• Another option is well-fitting clothing cut on the bias and clothing that drapes, without necessarily being out of lightweight material.

Makeup

Romantic Makeup on Pinterest

  • Eyes: Lashes are important! The thicker and more luxurious, the better. Eyeshadow should be soft and subtle. If your eyes are dark, go for taupes and roses; blondes with light eyes should look for plums, violets, and gray. Smudge pencil liner.
  • Mouth: Should not be prominent. Wear sheer, light rose, peach, or raspberry. Avoid heavy gloss, lipliner, or frost.
  • Foundation: Go a drop lighter than your perfect match. Apply with a damp sponge over moisturizer. Add a base with a pearly shimmer for evening.
  • Blush: add rosy-pink blush to the cheeks, forehead, and chin.

Softness is key. At night, you can add some gold highlighter on the high points of your face and your collarbone and shoulders.

Final Thoughts

Think pink, misty, and mystery.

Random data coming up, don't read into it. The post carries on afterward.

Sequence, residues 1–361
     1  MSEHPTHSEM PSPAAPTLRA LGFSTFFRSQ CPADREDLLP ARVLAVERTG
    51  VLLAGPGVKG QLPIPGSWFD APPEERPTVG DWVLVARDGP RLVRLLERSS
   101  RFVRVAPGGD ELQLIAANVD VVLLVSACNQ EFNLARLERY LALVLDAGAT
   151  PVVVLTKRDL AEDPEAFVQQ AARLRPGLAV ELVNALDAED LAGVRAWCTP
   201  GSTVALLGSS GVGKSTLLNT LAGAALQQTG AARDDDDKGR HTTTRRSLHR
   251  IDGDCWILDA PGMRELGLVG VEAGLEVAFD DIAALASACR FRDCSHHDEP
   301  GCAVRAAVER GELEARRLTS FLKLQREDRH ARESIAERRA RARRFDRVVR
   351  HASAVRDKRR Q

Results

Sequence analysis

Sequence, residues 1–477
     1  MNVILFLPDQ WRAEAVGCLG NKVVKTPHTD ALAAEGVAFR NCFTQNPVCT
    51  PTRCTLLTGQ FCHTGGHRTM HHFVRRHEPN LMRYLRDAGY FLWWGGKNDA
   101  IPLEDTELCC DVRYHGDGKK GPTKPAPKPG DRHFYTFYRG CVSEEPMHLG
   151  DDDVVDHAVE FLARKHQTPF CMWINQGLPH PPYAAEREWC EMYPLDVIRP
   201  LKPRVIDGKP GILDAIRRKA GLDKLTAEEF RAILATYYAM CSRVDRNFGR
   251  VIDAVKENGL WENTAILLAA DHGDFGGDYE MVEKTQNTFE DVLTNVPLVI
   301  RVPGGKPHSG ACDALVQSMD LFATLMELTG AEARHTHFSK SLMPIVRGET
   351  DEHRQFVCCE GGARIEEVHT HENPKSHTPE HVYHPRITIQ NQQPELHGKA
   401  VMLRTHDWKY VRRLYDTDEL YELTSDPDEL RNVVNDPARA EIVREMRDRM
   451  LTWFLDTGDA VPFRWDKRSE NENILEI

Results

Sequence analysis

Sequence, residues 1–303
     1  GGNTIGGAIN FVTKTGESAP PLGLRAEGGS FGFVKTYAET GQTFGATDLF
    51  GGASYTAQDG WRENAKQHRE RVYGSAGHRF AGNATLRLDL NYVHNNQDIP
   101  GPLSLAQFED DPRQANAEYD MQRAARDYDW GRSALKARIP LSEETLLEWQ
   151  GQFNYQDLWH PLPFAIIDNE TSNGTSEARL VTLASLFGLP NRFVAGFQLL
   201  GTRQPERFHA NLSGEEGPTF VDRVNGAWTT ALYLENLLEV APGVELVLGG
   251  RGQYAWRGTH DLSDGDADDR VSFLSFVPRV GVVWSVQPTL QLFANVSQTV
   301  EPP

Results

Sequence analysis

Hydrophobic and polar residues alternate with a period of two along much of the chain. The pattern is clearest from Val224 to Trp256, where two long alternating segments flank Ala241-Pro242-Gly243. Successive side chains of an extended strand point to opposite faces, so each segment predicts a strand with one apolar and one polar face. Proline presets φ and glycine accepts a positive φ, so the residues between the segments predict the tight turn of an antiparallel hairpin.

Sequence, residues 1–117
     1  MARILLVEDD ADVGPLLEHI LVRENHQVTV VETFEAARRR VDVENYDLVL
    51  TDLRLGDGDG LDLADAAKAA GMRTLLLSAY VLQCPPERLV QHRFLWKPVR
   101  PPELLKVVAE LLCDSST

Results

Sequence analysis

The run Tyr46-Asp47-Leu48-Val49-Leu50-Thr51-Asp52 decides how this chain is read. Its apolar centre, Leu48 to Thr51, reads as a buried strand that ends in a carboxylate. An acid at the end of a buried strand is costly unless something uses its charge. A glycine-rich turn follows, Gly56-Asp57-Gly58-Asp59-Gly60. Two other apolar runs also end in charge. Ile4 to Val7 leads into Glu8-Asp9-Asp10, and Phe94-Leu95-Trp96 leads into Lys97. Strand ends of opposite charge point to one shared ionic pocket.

My Take

The description of this type makes me think of the looks on the show Designing Women to some degree, especially the early years, or Molly Ringwald, as the young version of this style.

I would be interested to see a modern spin on it, and if you feel like this type is something you relate to.

Next up: The Cool Sophisticate

Source

Roppatte, Vincent. The Looks Men Love. St. Martin’s Press, 1985.

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How to Use The Looks Men Love

This post uses affiliate links.

In my last post, I introduced the latest entrant in my Historical series: The Looks Men Love by Vincent Roppatte. While the system is contemporaneous to Kibbe, it has a perspective that is outmoded in 2018, and there are things in it that I can’t really get behind. But it is a fun book with some new (to us) ideas that I think will prove useful to many. So first I am going to introduce the way Roppatte says to use his work, and then I will go into how I see it fitting in with the various other systems we all already use.

He suggests using the following three-step method:

1. Choose yourself.
Read through the descriptions of all the types (apart from the Fantasy Woman), their likes and dislikes, etc., and choose the one that sounds like you. You need to be careful of three things: